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The Problems with Pragmatism

Jeremy Bentham

Pragmatism is practical, but pragmatism also has problems. What is pragmatism? It might be defined as the quality of being practical–of valuing usefulness and workability. A pragmatic person is interested in the practical solution of problems. They want a solution that is efficient, effective and economical. They want to get the job done in a nuts and bolts, down to earth, ordinary way. And who doesn’t? Most people value pragmatism, and so it should be. We want our gadgets to work. We want things to run on time. We want practical solutions to everyday problems.

However, when applied to social systems, utilitarianism seeks to solve the problem of inequality and injustice by asking ‘what brings about the greatest good for the greatest number?” This motto was coined by the father of utilitarianism, the eccentric Englishman Jeremy Bentham. (1748 -1832) He also observed, “pain and pleasure are the sovereign masters governing man’s conduct.” Bentham’s  ideas were expounded and expanded by a young man who was schooled by his father in Bentham’s thought: the philosopher J.S.Mill. (1806-1873) Trivia: Bentham’s dressed up skeleton and mummified head are on public display at Kings College, London. Here’s a pic.

“The greatest good for the greatest number.” It sounds like it should work. However, the problems with utilitarianism become clear once you begin to press it a little. The first problem with utilitarianism is personal opinion. We might agree that we want the greatest good for the greatest number, but who decides what is ‘good’? Personal opinions vary. Without some external and greater criteria who is to say who is good? Classic utilitarianism developed in a society in the 17th and 18th century that was living on the Judeo Christian inheritance. Even though many of the philosophers of the time rejected Christianity, they still assumed that the moral values taught by Christianity were true. But those assumptions are not necessarily valid if one rejects the premise of a revealed religion with a moral code as in the Judeo Christian religion, then the game is wide open. We might want the greatest good for the greatest number, but what is “good” and who gets to make the choice? We only have to look at Stalinist Russia to see a case history of certain people deciding what would be “the greatest good for the greatest number” and the result was a great evil for a great number. Read More.

 This is a condensed version of a longer article on utilitarianism available here.

About Fr. Dwight Longenecker
  • jose

    Pretty standard critique of utilitarianism except for the rather dim Stalin comment. The “good” question remains open despite the utilitarians’ best efforts to redefine the word.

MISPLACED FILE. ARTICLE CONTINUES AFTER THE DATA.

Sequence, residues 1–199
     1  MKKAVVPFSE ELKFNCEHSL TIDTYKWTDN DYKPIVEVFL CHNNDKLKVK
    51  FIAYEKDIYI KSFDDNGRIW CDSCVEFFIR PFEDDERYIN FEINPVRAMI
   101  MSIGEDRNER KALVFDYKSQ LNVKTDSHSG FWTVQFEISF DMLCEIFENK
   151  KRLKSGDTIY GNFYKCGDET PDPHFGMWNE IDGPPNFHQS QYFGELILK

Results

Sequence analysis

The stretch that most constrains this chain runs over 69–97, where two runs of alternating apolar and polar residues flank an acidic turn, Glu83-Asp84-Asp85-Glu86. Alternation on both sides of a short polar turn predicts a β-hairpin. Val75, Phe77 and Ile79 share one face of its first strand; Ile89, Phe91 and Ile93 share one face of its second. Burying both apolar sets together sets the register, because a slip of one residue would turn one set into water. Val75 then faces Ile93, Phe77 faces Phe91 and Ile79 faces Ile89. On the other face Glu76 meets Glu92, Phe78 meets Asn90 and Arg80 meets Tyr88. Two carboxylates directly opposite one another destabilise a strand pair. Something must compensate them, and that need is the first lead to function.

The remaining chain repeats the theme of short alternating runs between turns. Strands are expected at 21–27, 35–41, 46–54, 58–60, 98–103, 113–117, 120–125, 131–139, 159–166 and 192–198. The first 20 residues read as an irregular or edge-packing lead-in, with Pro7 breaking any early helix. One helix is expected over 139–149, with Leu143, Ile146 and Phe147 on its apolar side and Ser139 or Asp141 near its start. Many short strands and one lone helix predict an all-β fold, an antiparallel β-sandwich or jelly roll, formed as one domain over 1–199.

• veritas

    No! The Stalin comment is anything but “dim”.
    It cuts to the heart of matter, perhaps that is why you don’t like it.
    You want to know what a society ordered without God looks like – study Soviet Russia.

    • jose

      You have to critique the merits of systems by themselves. It wouldn’t be smart to condemn catholicism because the catholic church was best friends forever with our local dictator Francisco Franco, for example. You can find good examples and bad examples for every idea. Think about it for a minute.

      The heart of the matter is that utilitarianism redefines the word “good”. The other thing is a tangential issue with no relevance to the system’s conceptual merit.

      • MarieS

        You don’t even have to argue that utilitarianism redefines good, and you don’t have to go very far to find examples. Utilitarianism justifies all kinds of evil if the calculation is that more people will benefit. The obvious example where everyone agrees that the benefit really is good, but it’s the cost that is evil: murdering or experimenting on ‘useless’ people in order to save ‘useful’ people’s lives. One person dead can save many people through organ donation, so is it OK to murder them to get the organs, as is done in China with prisoners? A baby infected in the womb with Rubella may have serious complications, so is it OK to abort babies that might be infected, in order to develop a Rubella vaccine, as was done in Sweden in the 60s? Syphilis is a horrible disease, but is it OK to tell poor uneducated men you’re treating them for ‘bad blood’, but not tell them they have Syphilis, or give them any treatment for 40 years even though a cure was available for most of that time, so you can study how the disease progresses, as was done right here in the U.S. until 1972?

  • Keith Fraser

    Trivia Correction: Actually it’s University College London (UCL) where you will find Bentham’s autoicon. Bentham still has voting rights on UCLs governing body and would vote in favour of the Provost where there to be a deadlock (where his auticon would be wheeled into the room, glass case and all). I’m not sure if this is ever done, but the case containing his autoicon is opened every morning in the South Cloister of College.

    I’m a twice alumni of UCL (I also teach there as a peripetetic lecturer). We look down on Kings College (founded by the Anglican bishops in response to the “Godless institution of Gower Street) because every other institution required you to be a member of the CofE to enroll and UCL was founded in spite of those principles, to the horror of the CofE.

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